Georgetown University biology professor Maryna Baydyuk (MED ’10) is working to provide humanitarian relief to Ukrainians through her rapidly expanding nonprofit organization, United Help Ukraine.
Baydyuk founded United Help Ukraine following Russia’s 2014 invasion of Crimea. After Vladimir Putin launched an invasion of Ukraine on Feb. 24, donations to United Help Ukraine have skyrocketed, according to Baydyuk, who said the organization has raised over $22 million and spent nearly $15 million supplying humanitarian aid and medical supplies to Ukraine.
Baydyuk also said the organization has gained more volunteers both in the United States and Ukraine.
“We grew pretty large — in the past two months, we’ve also increased the number of our volunteers here in the U.S., but also in Poland and Ukraine,” Baydyuk told The Hoya.
Baydyuk was born in Ukraine and lived there with her family until she moved to the United States to finish her undergraduate studies in 1998. Though her mother and sister evacuated their family home after Russia began its invasion, her father remains in Kyiv.
Baydyuk said she continues to hear about the deaths of her friends and loved ones in Ukraine.
“My family home is outside of Kyiv, and part of it was destroyed,” Baydyuk said. “A very good friend of ours who we let stay in our house — a young man who just proposed to his fiancee not long ago — a rocket or grenade hit the house, and he died.”
Russian missile and air strikes have led to a total of 5,264 Ukrainian civilian casualties, according to an April 21 report by U.N. High Commissioner for Human Rights Michelle Bachelet.
Since the invasion began, the Georgetown community has rallied in support of Ukraine by providing medical aid and training to Ukrainians abroad, organizing protests and demonstrations in support of Ukraine and inviting speakers to raise awareness for the ongoing crisis.
Ukrainian students have been grateful to receive support from the Georgetown community, according to Andrii Sendziuk (MSB ’24), a Ukrainian student and organizer for student activism group Stand With Ukraine GU.
“When we are organizing, we are expecting a specific response, and in all cases, we’ve seen the response is better than we expected,” Sendziuk told The Hoya. “Beginning from tabling and rallies, people would come up, people would ask questions. What I also really liked is that people would spark conversation.”
However, Ukrainian Hoyas have found that conversation on the crisis has died down over the past two months, according to Sendziuk.
“With previous wars, and other things that have happened in the past, the trend is, when it’s happening, people pay attention,” Sendziuk said. “People talk about it, but then it usually really dies down within like a month or so. And that’s what we’ve seen with Ukraine.”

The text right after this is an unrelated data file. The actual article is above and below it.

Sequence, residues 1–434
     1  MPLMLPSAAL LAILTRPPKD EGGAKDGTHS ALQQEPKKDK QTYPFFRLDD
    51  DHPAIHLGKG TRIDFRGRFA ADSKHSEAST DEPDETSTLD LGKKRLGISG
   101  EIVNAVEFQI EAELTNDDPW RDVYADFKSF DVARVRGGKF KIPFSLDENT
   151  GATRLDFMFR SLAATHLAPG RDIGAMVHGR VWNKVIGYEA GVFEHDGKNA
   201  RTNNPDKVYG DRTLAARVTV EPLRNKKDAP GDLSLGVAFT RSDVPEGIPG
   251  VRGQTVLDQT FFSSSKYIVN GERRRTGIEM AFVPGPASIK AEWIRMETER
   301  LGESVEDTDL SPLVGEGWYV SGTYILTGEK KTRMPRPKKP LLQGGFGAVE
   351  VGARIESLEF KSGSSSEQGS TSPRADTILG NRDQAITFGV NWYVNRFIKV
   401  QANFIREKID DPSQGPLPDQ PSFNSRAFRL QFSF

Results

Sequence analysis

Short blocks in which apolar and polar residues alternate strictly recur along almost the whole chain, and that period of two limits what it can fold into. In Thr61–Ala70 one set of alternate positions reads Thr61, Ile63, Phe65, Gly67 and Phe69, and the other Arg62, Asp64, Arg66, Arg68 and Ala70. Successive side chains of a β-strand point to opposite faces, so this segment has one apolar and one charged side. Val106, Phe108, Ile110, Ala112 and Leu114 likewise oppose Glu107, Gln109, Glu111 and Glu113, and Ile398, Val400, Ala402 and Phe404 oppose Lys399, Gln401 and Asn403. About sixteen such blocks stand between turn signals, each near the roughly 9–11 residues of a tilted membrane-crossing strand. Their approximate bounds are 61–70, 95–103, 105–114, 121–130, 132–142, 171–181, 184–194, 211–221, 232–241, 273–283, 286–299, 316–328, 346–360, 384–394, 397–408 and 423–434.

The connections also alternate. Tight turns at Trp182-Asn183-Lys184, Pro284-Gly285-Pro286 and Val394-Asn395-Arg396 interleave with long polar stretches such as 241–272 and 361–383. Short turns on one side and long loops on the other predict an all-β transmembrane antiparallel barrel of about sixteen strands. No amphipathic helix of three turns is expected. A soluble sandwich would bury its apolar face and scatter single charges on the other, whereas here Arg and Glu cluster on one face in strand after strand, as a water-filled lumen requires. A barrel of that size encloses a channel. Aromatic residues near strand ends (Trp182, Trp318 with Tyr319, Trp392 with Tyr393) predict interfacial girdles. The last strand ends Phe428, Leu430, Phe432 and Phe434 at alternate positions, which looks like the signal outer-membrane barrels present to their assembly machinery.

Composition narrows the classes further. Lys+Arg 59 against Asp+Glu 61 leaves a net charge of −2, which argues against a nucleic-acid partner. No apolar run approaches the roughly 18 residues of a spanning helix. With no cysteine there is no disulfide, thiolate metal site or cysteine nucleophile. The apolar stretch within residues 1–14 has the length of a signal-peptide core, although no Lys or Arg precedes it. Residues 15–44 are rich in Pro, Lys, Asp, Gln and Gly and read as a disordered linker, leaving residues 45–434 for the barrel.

To keep the momentum going, Sendziuk said Ukrainian Hoyas are continuing to spread the word about ways non-Ukrainian members of the Georgetown community can get involved.
“Stand With Ukraine GU posts regular updates in terms of rallies, in terms of tabling — stuff like that — and you can always get involved,” Sendziuk said. “Second thing you can very tangibly do is reach out to your representatives. And, most importantly, I would just say stay on top of what’s going on because it’s very easy to get drawn behind.”
Baydyuk spoke at the rally Stand With Ukraine GU put on March 2 and said she appreciates the support she has gotten from students.
“The rally was well organized by some of the Ukrainian students, but also others who wanted to support Ukraine,” Baydyuk said. “Students have been really supportive all this time in understanding the situation.”
Fellow Ukrainian student Inna Cherniak (SFS-Q ’23) said the most important thing non-Ukrainians can do is listen to Ukrainian voices in the conversation about the ongoing crisis.
“I really appreciate centering Ukrainian voices and just letting them be heard, because people who’ve been affected by war can speak from their own perspective. It’s been beneficial for us, but it’s also beneficial for those who listen because they can get a wider outlook,” Cherniak told The Hoya. “It is our responsibility — the responsibility that we didn’t ask for, the responsibility that we just assume as Ukrainians — to keep the word going.”
Beyond the solidarity demonstrated by Americans in the wake of the invasion, Baydyuk said the community can do more.
“Yes, the American government has supported Ukraine tremendously, and I know Ukrainian people are very grateful for that,” Baydyuk said. “But, can we do more as a community? Can we do more as a country? As a Ukrainian ally? Absolutely, yes.”